Summary List Placement Microsoft's healthcare strategy is all about Azure, a web-based service and money-making machine....Summary List Placement Microsoft's healthcare strategy is all about Azure, a web-based service and money-making machine. Microsoft uses Azure to build, store, and manage companies' data, sites, and mobile apps. As of June, the tech giant made more than $50 billion from Azure and other internet businesses like Office 365 and LinkedIn year-over-year, the company said during earnings. Long-term, the tech giant has the potential to make $140 billion in revenue from Azure alone, according to 2019 estimates by Bernstein. The total addressable market for infrastructure and platform services, Azure's bread and butter, is between $900 billion and $1.2 trillion, the report said. Microsoft doesn't break out how much money it makes from selling the cloud to healthcare companies. But it's been going after the healthcare industry for the better part of 25 years, and it's increasingly using Azure to do so. Its latest endeavor is Microsoft Cloud for Healthcare, a package that combines Teams and other web-based tools for health systems and doctors. The package is available for purchase on October 30. Other industries will soon get their own cloud kits, Tom McGuinness, a vice president at Microsoft Healthcare, said. "Satya and the entire leadership team are looking for ways that we can contribute to the pandemic response," he told Business Insider, referring to Microsoft CEO Satya Nadella. In several respects, the US healthcare system wasn't ready to handle, and still hasn't solved, a series of emergencies caused by the coronavirus outbreaks, starting with shortages in protective equipment for healthcare workers. Big tech firms helped fill in the gaps and started investing heavily in technology propelled by remote care. Google just poured $100 million into Amwell, the world's second largest telehealth company. Amazon is betting big on wearables with its new Halo device, and Apple's new watch has health components that could aid more clinical research. Microsoft for its part is trying to own the underlying infrastructure of the way hospitals do business. With virtual care taking off, Microsoft said a big part of its healthcare strategy lies in using Azure to tackle some of the industry's biggest problems, like clinician burnout and disconnected medical records. Meanwhile its reputation on security, privacy, and transparency makes it a good partner for the transition, David Rhew, Microsoft Healthcare's chief medical officer, said. "We're extremely transparent in terms of our desire to not monetize data," Rhew said. Microsoft connected Teams with health systems' electronic health records Already, healthcare providers are turning to Microsoft Teams for virtual visits. In July alone, doctors and other people in healthcare conducted 46 million meetings with Teams, Nadella said during an earnings call. They use the Zoom-like app for virtual visits with patients and, soon, administrative tasks. For the new cloud package, Microsoft engineers got Teams to connect with Epic's electronic health records and a transcription tool ("DAX") made by Nuance Communications. That means that while physicians do online appointments, they can see patients' full histories and talk to them without worrying about taking notes, McGuinness said. "We've all been in an exam room, physically where our poor physicians are typing the conversation as quickly into the EMR as possible," he said. "And that's tough on the patient. It's tough on the physician." After the visit, doctors can approve the clinical note generated by DAX. Then it's put directly into the patient's medical record. Rhew thinks the impact of the tool could be dramatic. Early adopters of DAX have seen 50% to 75% reductions in time for clinicians to document in the EHR, plus an increase of 88% of physician satisfaction in terms of documentation, Rhew said, citing internal research. "For me as a clinician, I can tell you there's been a significant amount of burnout among my peers and what drives a lot of that burnout is documentation into the electronic health record," he said. Finding new ways to use tech in the hospital Microsoft's virtual strategy isn't just about video appointments. Over the course of the pandemic, the tech giant made a lot of traditional care, like booking sick patients, more remote. But CIOs like Providence St. Joseph Health's B.J. Moore and UPMC's Ed McCallister said that such technologies adopted during the emergency will continue to power their strategies. Microsoft repurposed its AI-driven chat bots to work for coronavirus, for example, which health systems used to triage potential patients. To date, they've delivered 500 million messages in more than 26 countries, Rhew said. That tech is powered by Azure, along with text notifications, reminders, and links to join appointments — all newly available through the cloud offering. "It's much easier for a patient to be part of one health care system and then have a virtual visit with a second consult somewhere else," McGuiness said. "And I think more so than even in the past, that raises the bar for data fluidity." Microsoft is connecting disparate devices and systems It all comes down to Microsoft's intense underlying technology, which uses codes called APIs designed with standards called FHIR to get computers talking to each other. Insiders call that communication "interoperability," and it's a big part of why healthcare CIOs are starting to favor Microsoft over the other big cloud providers, one tech chief told Business Insider in July: its healthcare services all work together. Compare that to Amazon Web Services, which is cheaper, but requires more programming. While the 21st Century Cures Act and recent rules passed by the Centers for Medicare and Medicaid drive health systems to adopt better data function, Microsoft is positioning itself as their go-to partner for the new plumbing. "Interoperability is like a building block. It's a critical building block that allows us to be able to exchange important information between different systems of record and allow us to be able to view and act on it real time," Rhew said. Join the conversation about this story » NOW WATCH: Why babies can't eat honey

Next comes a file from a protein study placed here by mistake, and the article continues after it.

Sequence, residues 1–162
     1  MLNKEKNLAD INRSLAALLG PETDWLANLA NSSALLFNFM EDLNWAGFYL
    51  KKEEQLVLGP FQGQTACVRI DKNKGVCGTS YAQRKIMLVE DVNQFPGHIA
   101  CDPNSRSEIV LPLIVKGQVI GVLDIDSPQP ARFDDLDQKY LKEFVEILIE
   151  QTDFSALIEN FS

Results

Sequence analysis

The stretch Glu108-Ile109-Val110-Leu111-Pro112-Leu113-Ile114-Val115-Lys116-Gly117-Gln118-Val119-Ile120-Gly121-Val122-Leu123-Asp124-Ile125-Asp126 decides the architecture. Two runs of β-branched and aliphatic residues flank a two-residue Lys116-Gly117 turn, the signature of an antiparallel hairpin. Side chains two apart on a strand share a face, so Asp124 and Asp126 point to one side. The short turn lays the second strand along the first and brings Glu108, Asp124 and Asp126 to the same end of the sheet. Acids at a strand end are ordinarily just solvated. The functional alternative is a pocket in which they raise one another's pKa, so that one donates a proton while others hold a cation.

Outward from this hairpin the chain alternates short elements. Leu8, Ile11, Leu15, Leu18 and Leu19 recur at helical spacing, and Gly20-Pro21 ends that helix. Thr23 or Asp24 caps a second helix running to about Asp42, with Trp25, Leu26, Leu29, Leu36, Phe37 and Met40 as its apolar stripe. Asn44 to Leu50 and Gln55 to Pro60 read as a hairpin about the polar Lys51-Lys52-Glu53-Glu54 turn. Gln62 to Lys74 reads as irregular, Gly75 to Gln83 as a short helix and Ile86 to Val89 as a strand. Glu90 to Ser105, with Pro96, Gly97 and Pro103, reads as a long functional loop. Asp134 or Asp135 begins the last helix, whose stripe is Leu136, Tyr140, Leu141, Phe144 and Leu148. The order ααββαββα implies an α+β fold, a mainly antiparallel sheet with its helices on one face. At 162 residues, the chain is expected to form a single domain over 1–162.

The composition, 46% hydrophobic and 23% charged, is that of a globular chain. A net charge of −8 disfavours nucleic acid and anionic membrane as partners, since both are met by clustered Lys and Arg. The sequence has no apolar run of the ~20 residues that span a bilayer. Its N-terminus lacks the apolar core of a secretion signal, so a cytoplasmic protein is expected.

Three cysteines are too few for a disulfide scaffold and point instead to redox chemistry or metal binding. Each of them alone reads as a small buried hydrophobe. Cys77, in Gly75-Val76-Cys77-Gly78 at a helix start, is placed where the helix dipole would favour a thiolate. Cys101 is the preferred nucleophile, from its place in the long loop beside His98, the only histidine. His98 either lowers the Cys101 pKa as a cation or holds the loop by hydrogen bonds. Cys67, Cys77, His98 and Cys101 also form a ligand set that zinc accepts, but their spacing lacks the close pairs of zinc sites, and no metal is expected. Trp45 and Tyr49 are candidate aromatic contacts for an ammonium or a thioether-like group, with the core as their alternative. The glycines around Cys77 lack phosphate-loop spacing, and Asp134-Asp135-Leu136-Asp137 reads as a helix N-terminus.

American Well is looking to raise $488.5 million as it goes public. We pored over the 196-page filing to find 5 crucial details about the telehealth giant's plans to change how you get healthcare.